John Johnson (reporter)

From Wikipedia, the free encyclopedia
Jump to: navigation, search
John Johnson
John Johnson
John Johnson (reporter).JPG
John Johnson (TV news correspondent/anchorman, author & artist) with one of his paintings
Born John Johnson
(1938-06-20) June 20, 1938 (age 78)
New York, NY USA
Residence New York, NY & Malibu, CA, United States
Nationality American
Education B.A., City College of New York; M.A., City College of New York; honorary doctorate, St. Thomas Aquinas College
Alma mater City College of New York
Occupation documentary filmmaker, television correspondent/anchorman, painter, author
Spouse(s) Ann Yih Johnson

John Johnson (born June 20, 1938) is an American television news anchorman/senior correspondent and documentary filmmaker. He had been a fixture in New York City television news for many years. Johnson joined ABC News in 1968, ultimately becoming the first African American documentary producer, director and writer at a broadcast network. He won distinction for his documentaries Welfare Game and Strangers in Their Own Land: The Puerto Ricans. He was one of the first African American filmmakers in the prestigious Directors Guild of America. Johnson then became a network correspondent and covered such stories as the Attica prison uprising.

In 1972, Johnson began a long run at WABC. In the late 1980s, he served as a rotating anchor of the 6 p.m. newscast in the aftermath of Roger Grimsby's firing with Kaity Tong and Bill Beutel. Johnson, who had also anchored the station's weekend newscasts and served as a reporter prior to this, eventually returned to reporting as senior correspondent after WABC made the decision to have Beutel anchor the 6 p.m. newscast by himself. During his years as senior correspondent, Johnson covered the release of Nelson Mandela from a South African prison and his presidential election. He reported from the first Persian Gulf war, the war in Bosnia and was one of the first reporters landing with American troops in Somalia. One of Johnson's last assignments at WABC was his reporting at the O.J. Simpson murder trial in 1994-95.

While the trial was still going on, Johnson left WABC in March 1995 and became co-anchor of WCBS' 5 p.m. and 11 p.m. newscasts in June of that same year. Johnson remained at the station until October 1996 when, along with several other notable personalities, he was fired. The timing of the firings was peculiar as Johnson and co-anchor Michele Marsh had offered a preview of the upcoming 11pm newscast at the end of the 6 pm news, with the firings occurring in the interim four and a half hours.[1]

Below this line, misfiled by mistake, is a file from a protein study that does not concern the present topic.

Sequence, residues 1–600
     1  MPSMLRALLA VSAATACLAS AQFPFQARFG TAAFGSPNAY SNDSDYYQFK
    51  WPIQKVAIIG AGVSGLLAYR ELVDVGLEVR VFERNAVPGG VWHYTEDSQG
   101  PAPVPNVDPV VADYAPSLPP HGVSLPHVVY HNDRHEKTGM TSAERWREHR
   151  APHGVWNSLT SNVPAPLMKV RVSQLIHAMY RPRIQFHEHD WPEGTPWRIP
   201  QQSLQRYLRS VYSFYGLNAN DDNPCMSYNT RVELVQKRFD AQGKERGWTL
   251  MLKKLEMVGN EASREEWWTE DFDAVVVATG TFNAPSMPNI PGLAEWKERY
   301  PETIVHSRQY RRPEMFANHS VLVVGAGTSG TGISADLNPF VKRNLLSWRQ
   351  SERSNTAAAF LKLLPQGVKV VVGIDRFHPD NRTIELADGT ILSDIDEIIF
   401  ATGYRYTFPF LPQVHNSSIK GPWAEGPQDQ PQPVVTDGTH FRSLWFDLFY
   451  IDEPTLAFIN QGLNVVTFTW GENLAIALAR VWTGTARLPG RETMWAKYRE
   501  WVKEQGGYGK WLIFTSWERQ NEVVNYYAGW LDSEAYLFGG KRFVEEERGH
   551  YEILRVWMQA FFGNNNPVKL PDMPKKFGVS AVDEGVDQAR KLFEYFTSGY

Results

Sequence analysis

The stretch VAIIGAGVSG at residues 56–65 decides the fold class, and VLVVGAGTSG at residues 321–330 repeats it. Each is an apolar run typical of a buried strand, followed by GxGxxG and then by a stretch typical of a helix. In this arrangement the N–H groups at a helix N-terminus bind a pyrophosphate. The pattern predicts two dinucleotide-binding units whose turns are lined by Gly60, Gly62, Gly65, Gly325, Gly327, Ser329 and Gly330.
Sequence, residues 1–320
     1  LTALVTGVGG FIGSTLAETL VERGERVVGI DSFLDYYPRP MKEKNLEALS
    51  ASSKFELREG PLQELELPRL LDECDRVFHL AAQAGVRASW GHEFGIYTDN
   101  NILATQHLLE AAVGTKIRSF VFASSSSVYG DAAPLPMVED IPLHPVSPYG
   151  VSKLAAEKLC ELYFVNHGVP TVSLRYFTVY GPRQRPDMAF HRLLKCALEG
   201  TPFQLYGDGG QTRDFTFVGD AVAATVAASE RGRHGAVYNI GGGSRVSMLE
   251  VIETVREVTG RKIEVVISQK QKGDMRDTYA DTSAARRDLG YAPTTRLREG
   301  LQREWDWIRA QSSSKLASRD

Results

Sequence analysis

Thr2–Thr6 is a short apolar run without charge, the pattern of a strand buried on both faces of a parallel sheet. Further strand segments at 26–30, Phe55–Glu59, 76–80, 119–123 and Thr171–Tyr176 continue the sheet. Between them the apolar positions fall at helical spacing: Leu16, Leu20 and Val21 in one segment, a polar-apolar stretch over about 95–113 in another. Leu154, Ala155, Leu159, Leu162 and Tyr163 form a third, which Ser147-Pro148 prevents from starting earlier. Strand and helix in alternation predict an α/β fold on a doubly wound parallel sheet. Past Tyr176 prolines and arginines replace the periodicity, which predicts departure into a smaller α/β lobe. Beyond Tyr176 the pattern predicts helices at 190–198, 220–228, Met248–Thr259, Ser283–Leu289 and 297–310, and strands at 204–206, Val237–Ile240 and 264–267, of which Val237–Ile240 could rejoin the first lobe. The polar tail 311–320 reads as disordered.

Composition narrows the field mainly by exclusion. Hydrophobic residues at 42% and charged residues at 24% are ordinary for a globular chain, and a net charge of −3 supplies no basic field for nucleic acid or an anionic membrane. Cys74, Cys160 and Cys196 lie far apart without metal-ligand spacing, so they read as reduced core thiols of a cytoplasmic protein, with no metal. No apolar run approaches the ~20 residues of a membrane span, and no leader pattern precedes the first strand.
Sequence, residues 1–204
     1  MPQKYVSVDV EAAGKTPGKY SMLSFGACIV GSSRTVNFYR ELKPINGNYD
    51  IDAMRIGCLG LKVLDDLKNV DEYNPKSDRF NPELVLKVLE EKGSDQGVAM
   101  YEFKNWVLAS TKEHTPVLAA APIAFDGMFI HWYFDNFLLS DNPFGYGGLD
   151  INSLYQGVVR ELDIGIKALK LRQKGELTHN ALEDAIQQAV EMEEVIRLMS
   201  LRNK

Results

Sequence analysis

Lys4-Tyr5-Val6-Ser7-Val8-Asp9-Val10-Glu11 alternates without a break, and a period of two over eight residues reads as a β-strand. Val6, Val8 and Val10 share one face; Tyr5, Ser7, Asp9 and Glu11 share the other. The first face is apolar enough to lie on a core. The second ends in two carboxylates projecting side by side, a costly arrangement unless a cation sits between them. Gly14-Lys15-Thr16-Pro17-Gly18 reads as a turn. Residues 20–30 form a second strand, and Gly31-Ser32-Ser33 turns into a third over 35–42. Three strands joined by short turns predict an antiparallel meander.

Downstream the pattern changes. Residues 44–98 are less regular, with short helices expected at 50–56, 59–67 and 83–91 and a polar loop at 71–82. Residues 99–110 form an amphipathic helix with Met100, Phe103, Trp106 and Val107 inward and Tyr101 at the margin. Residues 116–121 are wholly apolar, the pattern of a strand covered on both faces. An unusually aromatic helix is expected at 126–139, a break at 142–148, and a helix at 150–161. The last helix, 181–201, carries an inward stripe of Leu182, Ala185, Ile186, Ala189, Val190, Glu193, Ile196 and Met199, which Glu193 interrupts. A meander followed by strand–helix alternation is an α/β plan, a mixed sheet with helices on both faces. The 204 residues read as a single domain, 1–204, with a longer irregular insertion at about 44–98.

Johnson was not out of work for long, as he and his WCBS co-anchor Michele Marsh were hired by WNBC to anchor the station's new noon newscast. After a year, however, Johnson left WNBC due to personal reasons and never returned to TV.

During his 30-year television news career, Johnson won nine Emmys and numerous other awards as a reporter, producer, writer and director.[2]

Johnson was to resurface again with the publication of his well-received autobiography Only Son: A Memoir (Warner Books) in 2002. A former associate professor of art at Lincoln University in Pennsylvania and at Indiana University before his broadcast career, Johnson then resumed his painting career. His paintings, which have been shown in Europe and the United States, have been featured at The Metropolitan Museum of Art and Walter Wickiser Gallery in Manhattan's art centers: SoHo and Chelsea.

Johnson has portrayed himself in such films as CopLand and 54 He was also featured in the award-winning documentary, Eyes on the Prize.

In 2016, Johnson's alma mater, the City College of New York, dedicated and opened The John Johnson Archive, a permanent collection of his documentaries, videotape, photos, war memorabilia, documents and personal possessions. The Archive celebrates Johnson's professional legacy and benefits students concentrating in the study of history, journalism, political science, social science and art. Johnson received the CCNY President's Award in 2015 and the Townsend Harris Medal for Outstanding Achievement in 2000 when he was also inducted into the Communications Hall of Fame.

References[edit]

  1. ^ Huff, Richard (1996-10-03). "Wcbs Sign-Off Network Cancels News Team Bigs". Nydailynews.com. Retrieved 2011-02-02. 
  2. ^ THE EMMY NOMINATIONS; Complete List of Nominees, Los Angeles Times, Jul 19, 2002, retrieved May 26  Check date values in: |access-date= (help)

Sources[edit]

  1. "Celebrating the Birth of Eyewitness News" nytimes.com 11/10/08.
  2. Johnson, John; Coplon, Jeff (2002), Only son, Warner Books, ISBN 978-0-446-52552-7 
  3. "WNBC Anchor Quits to Nurse Dying Dad" nydailynews.com 8/17/97.
  4. "Vying for New York Stories For Beguiling Announcers and Yes, for People's Trust". New York Times. 17 August 1997. 
  5. "Axed Newscasters Anchored by Family. Marsh and Johnson Gather Strength for New Jobs at Ch. 4" nydailynews.com 10/22/96.
  6. "Anchor Away: John Johnson Jumping from Ch. 7. to Ch. 2" nydailynews.com 3/17/95.
  7. "Former Journalist John Johnson's Art Collection, 'In the Spectrum', Opens in N.Y.C." Huffington Post 5/19/14.
  8. "Ex-newsman John Johnson's art portrays his life - as well as Angelina Jolie and Lady Gaga," New York Daily News 5/10/12.
  9. Allan Wolper talks with veteran New York newsman John Johnson, WBGO.org radio interview, 10/2/12.
  10. "Up Close with Diana Williams" interview with John Johnson, WABC-TV Ch. 7, 5/11/14.
  11. "Emmy Award Winner John Johnson, ’61, ’63MA, Gifts Papers to CCNY," City College of NY press release, 3/16/15.